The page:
Brett Honeycutt helped me to get NCPrepTrack started in the 1990s. (...Back in the days of faxed results, drop-off film processing centers, and dial-up landline connections.) Formerly a sportswriter with The Charlotte Observer he has followed high school sports for decades. He wanted to share his thoughts about Cardinal Gibbons, Charlotte Catholic, and Bishop McGuinness remaining in the NCHSAA.|
The 293 member schools of the NCHSAA are voting on a proposal by six Rowan County schools to amend bylaws to remove non-boarding parochial schools from the association. The schools were given a week to send in their votes, and the deadline is Tuesday, April 24.
That's strange that none of the Catholic schools are in Rowan County, the county where the public schools initiated the vote. If it was a real issue, why didn't the public schools in Wake County (where Cardinal Gibbons is located), Mecklenburg County (where Charlotte Catholic is located), Forsyth County (where Bishop McGuinness is located) and Cabarrus County (where Christ the King will open its new campus next school year) initiate the vote?
Jeff George, of NCrunners.com pointed out something that not many people know -- the fact that the NCHSAA's transfer rule for anyone moving to one of the Catholic schools is stiffer than transferring to a public school. If you want to play at one of the Catholic schools, you have to sit for one year (NCHSAA rule and a rule that the NCHSAA monitors with reams of paper work).
Sure, those transfer rules are in place for some public schools, but they're not enforced that often (we know this without even pointing out cases of the multitudes of transfers within the public schools that happen each school year). Everyone can easily name 5-10 athletes in their own school system who have transferred from one public school to another without incurring any penalties. And, some public schools allow students to come from another county if they pay a "fee" to that public school system (the most prominent runner who did this was Carly Matthews, a 2001 Foot Locker qualifier, who transferred from Ledford in Davidson County to Mount Tabor in Forsyth County. She still lived in Davidson County, but she paid a fee to go to school in Forsyth County. It wasn't a secret because it was written about quite a bit back then by the Winston-Salem Journal, but it was okay with the NCHSAA).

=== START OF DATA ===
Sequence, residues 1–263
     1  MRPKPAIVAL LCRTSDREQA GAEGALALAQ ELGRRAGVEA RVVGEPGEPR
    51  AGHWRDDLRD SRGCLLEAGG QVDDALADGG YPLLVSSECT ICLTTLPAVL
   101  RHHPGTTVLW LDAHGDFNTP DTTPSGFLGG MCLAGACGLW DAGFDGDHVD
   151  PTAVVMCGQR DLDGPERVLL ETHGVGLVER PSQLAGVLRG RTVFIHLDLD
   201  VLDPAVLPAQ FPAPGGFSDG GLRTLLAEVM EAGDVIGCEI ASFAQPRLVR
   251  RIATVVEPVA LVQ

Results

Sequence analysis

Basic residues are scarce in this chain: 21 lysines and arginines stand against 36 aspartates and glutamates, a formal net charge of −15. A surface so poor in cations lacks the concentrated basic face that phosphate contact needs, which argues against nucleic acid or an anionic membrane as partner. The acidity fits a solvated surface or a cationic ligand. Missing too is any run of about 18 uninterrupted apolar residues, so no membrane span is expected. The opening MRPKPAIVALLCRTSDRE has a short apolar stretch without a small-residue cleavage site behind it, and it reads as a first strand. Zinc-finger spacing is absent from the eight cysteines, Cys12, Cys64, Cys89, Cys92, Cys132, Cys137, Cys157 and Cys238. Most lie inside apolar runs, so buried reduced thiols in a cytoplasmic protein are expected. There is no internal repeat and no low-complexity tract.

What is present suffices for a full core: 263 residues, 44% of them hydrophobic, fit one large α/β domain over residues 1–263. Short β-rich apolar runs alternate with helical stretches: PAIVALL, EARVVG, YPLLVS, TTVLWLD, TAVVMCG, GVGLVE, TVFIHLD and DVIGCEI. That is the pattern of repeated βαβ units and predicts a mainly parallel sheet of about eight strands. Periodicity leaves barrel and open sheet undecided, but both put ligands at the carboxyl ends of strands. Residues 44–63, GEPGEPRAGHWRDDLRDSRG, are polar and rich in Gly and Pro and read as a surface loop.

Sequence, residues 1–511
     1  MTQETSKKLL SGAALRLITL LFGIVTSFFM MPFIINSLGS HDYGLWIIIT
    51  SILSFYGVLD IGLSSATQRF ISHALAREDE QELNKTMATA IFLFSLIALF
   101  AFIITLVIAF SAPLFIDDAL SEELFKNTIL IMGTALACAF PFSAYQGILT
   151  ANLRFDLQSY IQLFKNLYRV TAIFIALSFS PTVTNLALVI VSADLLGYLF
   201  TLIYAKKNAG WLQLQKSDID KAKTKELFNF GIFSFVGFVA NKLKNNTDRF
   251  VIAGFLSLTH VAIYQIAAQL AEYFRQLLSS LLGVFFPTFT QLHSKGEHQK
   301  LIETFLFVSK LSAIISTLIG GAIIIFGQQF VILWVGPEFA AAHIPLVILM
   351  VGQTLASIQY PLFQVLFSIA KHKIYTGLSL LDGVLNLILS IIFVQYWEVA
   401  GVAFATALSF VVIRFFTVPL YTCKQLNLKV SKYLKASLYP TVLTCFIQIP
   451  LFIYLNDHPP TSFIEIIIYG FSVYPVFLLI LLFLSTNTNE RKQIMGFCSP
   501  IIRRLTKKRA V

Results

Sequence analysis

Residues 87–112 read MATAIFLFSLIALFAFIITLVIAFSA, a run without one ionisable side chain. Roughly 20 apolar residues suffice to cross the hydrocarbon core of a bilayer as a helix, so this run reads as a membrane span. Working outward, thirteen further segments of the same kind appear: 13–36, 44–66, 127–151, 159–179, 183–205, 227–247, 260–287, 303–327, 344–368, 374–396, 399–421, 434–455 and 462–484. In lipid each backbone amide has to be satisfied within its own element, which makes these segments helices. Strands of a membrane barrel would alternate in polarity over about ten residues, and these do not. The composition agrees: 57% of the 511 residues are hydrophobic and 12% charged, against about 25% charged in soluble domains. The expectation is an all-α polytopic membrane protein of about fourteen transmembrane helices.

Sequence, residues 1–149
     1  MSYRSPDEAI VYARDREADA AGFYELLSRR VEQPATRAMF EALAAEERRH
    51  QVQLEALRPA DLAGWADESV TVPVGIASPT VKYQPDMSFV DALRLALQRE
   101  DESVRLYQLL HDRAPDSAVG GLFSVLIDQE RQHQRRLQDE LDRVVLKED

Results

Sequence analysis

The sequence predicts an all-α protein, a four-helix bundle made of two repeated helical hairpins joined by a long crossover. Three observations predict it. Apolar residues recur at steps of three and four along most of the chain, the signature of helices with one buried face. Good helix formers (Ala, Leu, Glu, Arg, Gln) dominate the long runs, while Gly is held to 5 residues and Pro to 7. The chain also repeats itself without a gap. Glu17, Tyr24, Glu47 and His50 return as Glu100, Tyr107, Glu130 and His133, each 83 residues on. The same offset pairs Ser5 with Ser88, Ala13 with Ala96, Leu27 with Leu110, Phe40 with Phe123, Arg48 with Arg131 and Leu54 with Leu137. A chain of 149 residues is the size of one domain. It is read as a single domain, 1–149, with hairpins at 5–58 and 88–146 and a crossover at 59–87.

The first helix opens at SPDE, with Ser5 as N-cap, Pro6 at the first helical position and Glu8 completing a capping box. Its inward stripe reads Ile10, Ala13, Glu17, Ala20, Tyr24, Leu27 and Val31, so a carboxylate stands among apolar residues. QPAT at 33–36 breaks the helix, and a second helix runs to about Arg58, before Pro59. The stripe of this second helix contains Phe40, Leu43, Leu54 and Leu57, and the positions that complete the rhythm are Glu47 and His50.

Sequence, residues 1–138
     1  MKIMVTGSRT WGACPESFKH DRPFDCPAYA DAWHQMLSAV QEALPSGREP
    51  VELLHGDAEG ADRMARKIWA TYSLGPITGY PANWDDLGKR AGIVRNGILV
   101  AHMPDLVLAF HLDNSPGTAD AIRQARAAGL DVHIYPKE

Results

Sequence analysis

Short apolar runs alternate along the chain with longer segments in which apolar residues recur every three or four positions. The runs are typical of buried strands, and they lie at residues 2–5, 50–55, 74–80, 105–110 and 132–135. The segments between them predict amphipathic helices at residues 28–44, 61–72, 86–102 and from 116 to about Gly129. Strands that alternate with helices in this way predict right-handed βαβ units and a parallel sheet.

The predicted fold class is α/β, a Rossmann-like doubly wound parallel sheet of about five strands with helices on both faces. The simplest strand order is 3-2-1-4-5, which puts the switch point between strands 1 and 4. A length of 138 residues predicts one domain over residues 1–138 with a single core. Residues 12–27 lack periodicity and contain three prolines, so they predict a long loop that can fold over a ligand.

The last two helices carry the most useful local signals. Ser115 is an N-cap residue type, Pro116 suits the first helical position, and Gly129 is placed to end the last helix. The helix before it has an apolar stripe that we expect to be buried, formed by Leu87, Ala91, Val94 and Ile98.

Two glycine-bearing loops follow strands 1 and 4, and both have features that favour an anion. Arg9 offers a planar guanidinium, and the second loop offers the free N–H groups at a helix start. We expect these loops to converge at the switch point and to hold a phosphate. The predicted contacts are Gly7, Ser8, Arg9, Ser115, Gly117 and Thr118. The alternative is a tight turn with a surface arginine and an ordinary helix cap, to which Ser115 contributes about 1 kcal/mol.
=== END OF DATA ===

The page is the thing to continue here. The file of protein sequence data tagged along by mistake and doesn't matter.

I read some of the commments by the coaches and A.D's concerning the Catholic schools, but they kept mentioning recruiting, etc. (there's no evidence of that. The proof that there is no evidence is that none of the schools who initiated the vote, and none of the schools in the counties where the Catholic schools are located, and none of the schools that have been making comments, have any proof. If they did, you better believe they would hand it over. But it's just not there. And it's not there, because it doesn't happen like they think. It may be their opinion, but that's all it is. Opinions founded on nothing or very little. More than anyone, though, public school coaches know that the transfers within the public schools are very prevalent. Again, we all can name 5-10 kids within our own school systems who have transferred from one public school to another, without having to sit out).
So, with all of that said, is it really about a level playing field? No, it's about the perception of a level playing field. Unfortunately, in this case, it's a wrong perception. Perception is NOT reality. Perception is perceived reality, which is, in a nutshell, not real.
If we want our athletes to compete against the best, then we will tell them to raise the bar. We won't tell them to eliminate the bar so that they feel good about themselves. That is a false reality, a false perception and gives the kids a false sense of what they accomplished.
When the transferring within the public schools is fixed, then we can talk about level playing fields and what is or isn't right. Until then, this is just smoke and mirrors to foster someone's dislike for having to compete against certain schools. If it's more than that, or if there is proof and the NCHSAA is just ignoring it, then, please, someone actually provide it.
Remember, the vote isn't to enforce existing rules or to make the rules tougher, because, well, the rules are being followed. So, because the rules are being followed, the only thing they can do is just eliminate the bar. Not raise the bar, mind you, but just eliminate it altogether.
Sidenote: Strange also that magnet schools weren't addressed in the other vote? I mean, their draw is from a larger area than the regular public schools, too.
Let's be real and just let the kids compete.